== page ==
In the last two years, the laws have been made even harsher with pastors threatened with jail terms of up to ten years, about the same or more than given for major felonies.
Muslims, the current targets of the BJP regime, have now been brought under the ambit of the laws made to tame Christians. This has been done by making it a crime for a man to marry a woman with a view to making her change her religion.
What has kept the Modi government from enforcing them on the entire country is that the core issue of “law and order” is the jurisdiction of states, and not of the federal government. But these are niceties that will not deter Modi if he sees political advantage in enacting such a national law.
The ruling party seems surer of itself in cornering the church on issues of land and properties.
Other than in the state of Kerala and regions once government by Portugal, Holland, and France before their assimilation into the Indian union at various times after independence, the major expansion of Christianity took place after the advent of missionaries who came with the East India Company of the United Kingdom. The British Crown, or Raj, succeeded the company in 1857.
“The hate rhetoric against the church has, however, continued unabated”
Many, but not all, of the churches, schools, colleges, and hospitals in India were built by various missions on land either leased from the government of the day or private owners, typically for 99 years. Not every church remembered to renew the leases, leading to the current crisis.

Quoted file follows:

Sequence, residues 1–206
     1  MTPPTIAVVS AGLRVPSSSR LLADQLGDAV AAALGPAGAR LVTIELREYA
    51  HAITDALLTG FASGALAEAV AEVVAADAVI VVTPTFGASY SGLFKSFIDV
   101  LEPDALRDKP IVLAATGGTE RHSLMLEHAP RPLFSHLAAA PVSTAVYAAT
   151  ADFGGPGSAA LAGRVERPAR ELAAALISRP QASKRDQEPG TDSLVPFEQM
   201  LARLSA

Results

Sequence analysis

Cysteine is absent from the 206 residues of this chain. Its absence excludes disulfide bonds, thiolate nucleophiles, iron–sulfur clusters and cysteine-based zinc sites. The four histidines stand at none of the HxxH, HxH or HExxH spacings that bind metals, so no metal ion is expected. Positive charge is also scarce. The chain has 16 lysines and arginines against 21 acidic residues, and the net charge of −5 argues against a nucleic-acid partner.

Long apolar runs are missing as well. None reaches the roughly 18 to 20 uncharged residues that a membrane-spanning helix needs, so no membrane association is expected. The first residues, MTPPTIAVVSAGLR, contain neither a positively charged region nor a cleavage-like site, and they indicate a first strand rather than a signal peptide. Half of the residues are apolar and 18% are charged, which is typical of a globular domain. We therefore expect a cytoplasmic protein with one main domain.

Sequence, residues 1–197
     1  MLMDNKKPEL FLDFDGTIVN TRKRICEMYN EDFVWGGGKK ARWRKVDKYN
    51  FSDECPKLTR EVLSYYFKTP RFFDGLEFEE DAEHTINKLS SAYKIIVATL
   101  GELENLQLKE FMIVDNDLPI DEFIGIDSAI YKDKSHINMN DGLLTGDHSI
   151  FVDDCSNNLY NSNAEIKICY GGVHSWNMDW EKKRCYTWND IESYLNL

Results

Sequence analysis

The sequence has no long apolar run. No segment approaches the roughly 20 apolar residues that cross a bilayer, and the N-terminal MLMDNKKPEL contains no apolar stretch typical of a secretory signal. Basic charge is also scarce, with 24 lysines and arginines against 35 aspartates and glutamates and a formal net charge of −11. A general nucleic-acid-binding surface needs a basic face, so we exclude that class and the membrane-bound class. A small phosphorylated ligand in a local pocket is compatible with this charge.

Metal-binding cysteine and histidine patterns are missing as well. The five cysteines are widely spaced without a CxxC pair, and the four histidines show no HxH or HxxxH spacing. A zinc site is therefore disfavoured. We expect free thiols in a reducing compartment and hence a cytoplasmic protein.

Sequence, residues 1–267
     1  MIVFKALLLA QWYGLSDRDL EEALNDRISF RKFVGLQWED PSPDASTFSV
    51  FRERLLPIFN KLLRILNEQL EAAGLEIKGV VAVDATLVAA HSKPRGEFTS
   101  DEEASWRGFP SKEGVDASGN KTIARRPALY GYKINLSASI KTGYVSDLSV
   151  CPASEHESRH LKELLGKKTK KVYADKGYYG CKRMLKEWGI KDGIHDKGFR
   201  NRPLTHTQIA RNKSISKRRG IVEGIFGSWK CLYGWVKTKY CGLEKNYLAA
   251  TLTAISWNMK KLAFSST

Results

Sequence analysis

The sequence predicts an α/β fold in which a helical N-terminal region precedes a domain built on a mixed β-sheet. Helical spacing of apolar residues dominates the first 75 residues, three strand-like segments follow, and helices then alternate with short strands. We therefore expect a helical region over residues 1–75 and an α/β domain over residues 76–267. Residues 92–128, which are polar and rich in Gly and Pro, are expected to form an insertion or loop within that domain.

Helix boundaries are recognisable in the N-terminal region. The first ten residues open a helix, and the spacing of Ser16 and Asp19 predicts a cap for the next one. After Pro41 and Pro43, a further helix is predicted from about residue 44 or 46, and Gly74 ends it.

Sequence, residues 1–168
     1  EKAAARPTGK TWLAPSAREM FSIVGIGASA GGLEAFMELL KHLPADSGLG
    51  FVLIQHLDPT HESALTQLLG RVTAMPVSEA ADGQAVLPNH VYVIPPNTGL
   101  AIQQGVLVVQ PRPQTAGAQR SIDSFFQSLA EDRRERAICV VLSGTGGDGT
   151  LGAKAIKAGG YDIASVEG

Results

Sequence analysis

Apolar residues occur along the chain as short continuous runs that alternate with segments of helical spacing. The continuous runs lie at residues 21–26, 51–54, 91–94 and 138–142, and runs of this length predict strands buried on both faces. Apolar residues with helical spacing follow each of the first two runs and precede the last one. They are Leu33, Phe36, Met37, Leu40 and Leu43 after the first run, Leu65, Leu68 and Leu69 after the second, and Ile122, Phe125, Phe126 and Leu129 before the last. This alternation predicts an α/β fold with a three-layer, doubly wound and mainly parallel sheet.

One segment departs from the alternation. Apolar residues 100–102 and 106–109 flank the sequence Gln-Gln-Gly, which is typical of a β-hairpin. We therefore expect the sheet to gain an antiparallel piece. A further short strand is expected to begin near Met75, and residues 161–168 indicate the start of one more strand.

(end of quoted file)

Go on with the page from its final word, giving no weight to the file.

Since independence, every church and its institution has been built on land donated by the faithful or bought from government and private owners. The church is not a monolithic organism in India, with its more than a hundred rites, denominations, and major associations of independent pastors buying their own property.
This is different from how properties are owned and managed in other faiths including temples of Hindus, Gurdwaras of Sikhs and the wakf mosques and madrasas of Muslims.
The hate rhetoric against the church has, however, continued unabated, often fooling even Christian leaders into alleging that the church is the biggest landowner in the country. Sangh ideologues such as S Gurumurthy continue to allege that the British Raj land leases are a scam.
While the Catholic Church is not immune from such insinuations, particularly vulnerable are the Protestant churches, especially those that are rooted in the traditions of the Church of England, or the Methodist, Baptist and Presbyterian denominations.
Erring churchmen make it easy for the government to make sweeping allegations or to launch fishing expeditions looking for loopholes and violations of the law.
“There is a possibility of the funds being invested in illegal activities, including illegal religious conversion”
The recent arrest of Church of North India Jabalpur Diocese’s bishop P.C. Singh in connection with a cheating case has been used by the state’s Chief Minister Shivraj Singh Chouhan to expand the investigations into church affairs.
Chouhan claims “there is a possibility of the funds being invested in illegal activities, including illegal religious conversion.”
In the past, courts have thrown out government orders in some states to acquire church land. One such case was in Kerala where the Marxist government wanted to acquire more than 2,000 acres (810 hectares) of land belonging to a Christian denomination for a proposed airport.
A former judge of the Supreme Court K T Thomas who has recently been handpicked by the Modi government as a trustee of the PM Cares fund — whose assets have not been disclosed to the public — is among the major voices speaking against the church on the issue of properties. Another is former Congress minister Eduardo Faliero.
Thomas says Christians fear judicial scrutiny as it “is likely to expose the expenses and magnitude of wealth of the denomination.”
This article is published in https://www.ucanews.com/